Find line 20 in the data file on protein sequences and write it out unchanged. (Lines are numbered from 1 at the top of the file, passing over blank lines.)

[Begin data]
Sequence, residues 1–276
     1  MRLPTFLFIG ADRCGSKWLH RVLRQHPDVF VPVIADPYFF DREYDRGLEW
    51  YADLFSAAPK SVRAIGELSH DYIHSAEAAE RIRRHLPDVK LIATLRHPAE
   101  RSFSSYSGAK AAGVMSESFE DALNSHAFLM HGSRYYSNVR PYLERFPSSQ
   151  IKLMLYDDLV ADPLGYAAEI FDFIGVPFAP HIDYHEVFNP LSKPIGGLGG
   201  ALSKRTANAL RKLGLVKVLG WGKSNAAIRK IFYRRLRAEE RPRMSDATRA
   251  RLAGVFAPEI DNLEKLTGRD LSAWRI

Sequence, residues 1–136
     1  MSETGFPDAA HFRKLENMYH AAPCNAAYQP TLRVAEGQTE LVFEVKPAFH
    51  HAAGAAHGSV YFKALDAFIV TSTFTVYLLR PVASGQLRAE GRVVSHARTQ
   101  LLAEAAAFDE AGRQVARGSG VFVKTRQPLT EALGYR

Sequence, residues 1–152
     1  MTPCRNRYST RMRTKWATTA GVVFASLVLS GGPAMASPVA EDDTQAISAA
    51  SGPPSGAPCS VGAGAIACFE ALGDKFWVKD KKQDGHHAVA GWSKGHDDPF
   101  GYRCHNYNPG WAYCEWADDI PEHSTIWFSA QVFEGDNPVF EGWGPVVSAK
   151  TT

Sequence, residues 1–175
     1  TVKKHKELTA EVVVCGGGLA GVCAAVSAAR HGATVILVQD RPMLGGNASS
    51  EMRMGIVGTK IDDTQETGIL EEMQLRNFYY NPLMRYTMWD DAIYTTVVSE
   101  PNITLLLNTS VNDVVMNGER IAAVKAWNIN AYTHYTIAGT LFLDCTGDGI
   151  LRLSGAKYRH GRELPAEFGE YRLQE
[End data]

   101  PNITLLLNTS VNDVVMNGER IAAVKAWNIN AYTHYTIAGT LFLDCTGDGI